Friday, September 09, 2005

New DataWeb Service

This is not exactly an XDI post but it touches on XDI and is all about identity and data sharing so I don’t feel too bad. One of the reasons I have been so quiet over the last couple of months is because I have been building business plans and strategies rather than thinking about core XDI architecture. The result of all this planning is DataTao.

DataTao (a working name) is going to be an interoperable data hub for user controlled data. DataTao is primarily about programmatic access to an individual’s data and only has as much UI as is needed to richly support its base functionality. I often use an analogy of Windows Explorer or Mac Finder; Apps that run on your computer depend on an underlying persistence layer (the file system) to work. The new generation of ICA (Identity Centric Architecture) based web apps will be dependant on the DataWeb for their underlying data persistence. DataTao will be the first DataWeb Explorer.

So why do I call it an ‘interoperable’ data hub? That’s because DataTao is designed to act as a bridge between many of the current identity protocols. While DataTao will provide storage for people that don’t have their data stored and available from elsewhere, its main purpose is to consume and forward data from its authoritative source(s). DataTao publishes your information, based on your permission settings, to all of the supported protocols. If you have a dataTao account you will be able to go to an XDI enabled site and have it establish a link contract for transparent data sharing. You will be able to go to a SXIP Network enabled Membersite and dataTao will act as your Homesite. You can visit a LID or OpenID enabled site and DataTao will provide the relevant interfaces for authentication.

If you have a LID, a SXIP Homesite, a public LDAP server or an XDI data service and you get a DataTao account you will be able to get the advantages of having all of them while still maintaining your data only at the one place that you already did. If you already have multiple places that your identity is published you can use DataTao to consolidate your identity into one virtual profile and manage who sees what from a single point.

It is my opinion that DataTao is a necessary and required next step in the evolution of the DataWeb. While DataTao by itself is NOT a compelling application it is a needed piece of infrastructure. It will hopefully encourage and enable people to build internet 2.0 applications and maximize the leverage of those already built. SXIP membersites will suddenly have a market not just of people with SXIP homesites but anyone with a LID or an i-name or an open LDAP service.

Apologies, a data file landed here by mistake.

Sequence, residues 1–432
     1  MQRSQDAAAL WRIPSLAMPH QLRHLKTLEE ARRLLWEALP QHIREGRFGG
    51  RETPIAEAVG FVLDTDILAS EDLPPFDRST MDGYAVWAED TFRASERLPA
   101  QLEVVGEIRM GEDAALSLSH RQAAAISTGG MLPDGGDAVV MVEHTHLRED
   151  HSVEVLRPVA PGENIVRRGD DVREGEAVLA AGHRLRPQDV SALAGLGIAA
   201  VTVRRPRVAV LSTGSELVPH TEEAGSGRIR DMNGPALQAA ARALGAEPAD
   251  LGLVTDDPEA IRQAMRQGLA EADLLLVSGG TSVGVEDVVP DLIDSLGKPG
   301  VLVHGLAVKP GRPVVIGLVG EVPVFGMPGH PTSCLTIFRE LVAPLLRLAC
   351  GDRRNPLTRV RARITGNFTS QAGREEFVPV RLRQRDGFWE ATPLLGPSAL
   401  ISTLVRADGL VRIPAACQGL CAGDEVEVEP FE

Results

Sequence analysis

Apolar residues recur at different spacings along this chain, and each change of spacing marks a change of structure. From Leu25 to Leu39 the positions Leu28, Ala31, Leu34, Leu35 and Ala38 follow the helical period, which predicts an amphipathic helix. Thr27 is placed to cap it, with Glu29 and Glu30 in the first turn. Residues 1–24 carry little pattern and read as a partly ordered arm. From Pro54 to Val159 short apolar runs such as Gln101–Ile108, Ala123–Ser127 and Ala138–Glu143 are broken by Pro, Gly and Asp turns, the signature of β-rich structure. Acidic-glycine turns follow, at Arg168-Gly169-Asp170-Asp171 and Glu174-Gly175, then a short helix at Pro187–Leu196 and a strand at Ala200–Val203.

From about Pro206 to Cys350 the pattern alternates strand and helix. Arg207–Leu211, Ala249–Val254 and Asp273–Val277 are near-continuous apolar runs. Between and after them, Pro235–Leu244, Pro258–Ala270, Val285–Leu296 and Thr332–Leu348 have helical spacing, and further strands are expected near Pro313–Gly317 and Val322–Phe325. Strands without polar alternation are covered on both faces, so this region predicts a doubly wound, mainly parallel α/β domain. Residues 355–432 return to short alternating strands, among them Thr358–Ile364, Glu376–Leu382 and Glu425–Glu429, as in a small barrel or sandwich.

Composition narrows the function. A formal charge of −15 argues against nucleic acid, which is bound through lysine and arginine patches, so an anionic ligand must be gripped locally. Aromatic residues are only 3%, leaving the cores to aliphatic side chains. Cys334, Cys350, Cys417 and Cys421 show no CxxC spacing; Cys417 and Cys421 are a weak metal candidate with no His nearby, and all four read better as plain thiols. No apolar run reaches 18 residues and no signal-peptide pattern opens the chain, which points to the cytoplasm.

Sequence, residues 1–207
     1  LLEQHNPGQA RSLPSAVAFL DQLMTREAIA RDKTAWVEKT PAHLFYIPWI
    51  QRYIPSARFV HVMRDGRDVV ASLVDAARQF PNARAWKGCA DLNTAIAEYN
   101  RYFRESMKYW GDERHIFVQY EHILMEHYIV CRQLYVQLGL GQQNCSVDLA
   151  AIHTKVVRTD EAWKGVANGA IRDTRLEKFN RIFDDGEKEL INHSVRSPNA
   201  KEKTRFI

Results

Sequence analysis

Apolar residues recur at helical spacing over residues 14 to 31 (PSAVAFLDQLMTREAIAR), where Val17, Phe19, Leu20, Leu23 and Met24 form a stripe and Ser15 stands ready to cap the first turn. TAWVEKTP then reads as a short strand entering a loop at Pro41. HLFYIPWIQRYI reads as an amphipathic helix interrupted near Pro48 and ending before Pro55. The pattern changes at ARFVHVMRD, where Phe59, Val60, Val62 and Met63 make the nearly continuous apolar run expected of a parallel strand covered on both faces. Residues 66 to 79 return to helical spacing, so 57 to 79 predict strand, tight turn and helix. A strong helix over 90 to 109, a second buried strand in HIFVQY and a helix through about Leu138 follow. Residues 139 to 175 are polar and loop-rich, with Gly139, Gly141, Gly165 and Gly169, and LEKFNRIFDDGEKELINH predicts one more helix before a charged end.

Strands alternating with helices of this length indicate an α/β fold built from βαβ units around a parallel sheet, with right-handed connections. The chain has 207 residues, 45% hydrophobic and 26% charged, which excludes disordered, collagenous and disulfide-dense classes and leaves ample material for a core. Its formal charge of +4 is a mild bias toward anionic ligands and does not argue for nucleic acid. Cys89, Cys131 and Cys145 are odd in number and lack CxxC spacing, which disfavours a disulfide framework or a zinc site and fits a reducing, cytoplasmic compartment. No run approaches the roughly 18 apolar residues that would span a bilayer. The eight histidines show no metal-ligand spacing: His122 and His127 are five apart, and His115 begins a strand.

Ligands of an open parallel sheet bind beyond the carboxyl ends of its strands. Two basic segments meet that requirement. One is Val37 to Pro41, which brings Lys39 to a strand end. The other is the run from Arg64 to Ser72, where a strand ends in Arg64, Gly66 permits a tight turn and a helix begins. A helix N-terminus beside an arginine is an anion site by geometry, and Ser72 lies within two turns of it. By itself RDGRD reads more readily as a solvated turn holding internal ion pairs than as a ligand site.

In order to drive adoption DataTao will provide some Apps that use the DataWeb for persistence in conjunction with the DataTao launch. These apps have not been finalized yet but will likely include Exchange and Mac Mail integration (Self updating address books) as well as a rich interface for person to person profile information sharing (i-share).

Despite the fact that the true value of DataTao is in the infrastructure piece that it puts in place, it is likely that all of the marketing that you see will be about the apps or the widgets that we deploy. But you, the tech savvy reader will know what it’s really about.

DataTao will be a free service that will have its public launch early in 2006.

1 comment:

Anonymous said...


I noted your absense from the "identity scene" over the last couple of months but having just read your post you've clearly been a very busy fellow.

Your impending implementation of a cross protocol and persistent data layer sounds extremely compelling.

I'm very eager to see and test the services you've built when you release them early next year.

If the opportunity presents itself I'd also be very interested to know more about how you envision the end-user "interfacing" with these services. I've spent quite a bit of time over the last few months analyzing Kim's 6th and 7th Laws to try and understand what they might imply from an IP law perspective.

One thing that seems prety clear, even disregarding Kim's laws is that for end-users to use and trust identity centric data schemes a fairly high level of UI consistency will be necessary across a potentially wide variety of operating systems and computing devices.

I suspect that some to type of independent organization should be setup to "host" (own the IP rights) of a set of standard UI elements which are provided to implementers royalty-free but based on some minimal implementation compliance requirements. My thinking is primarily motivated by concerns the end-users just aren't goint to adopt the tools despite their powerful features unless they are presented with a high degree of consistency (I rely both on gut and Kim's Laws to support that view).

Perhaps these issues are too far outside the scope of your work? If not I'd appreciate the opportunity to discuss via phone/skype sometime to find out if you've given any of this some thought and to learn if you think there's merit to this line of thinking.

Anyway, hats off to you for all the progress you're making!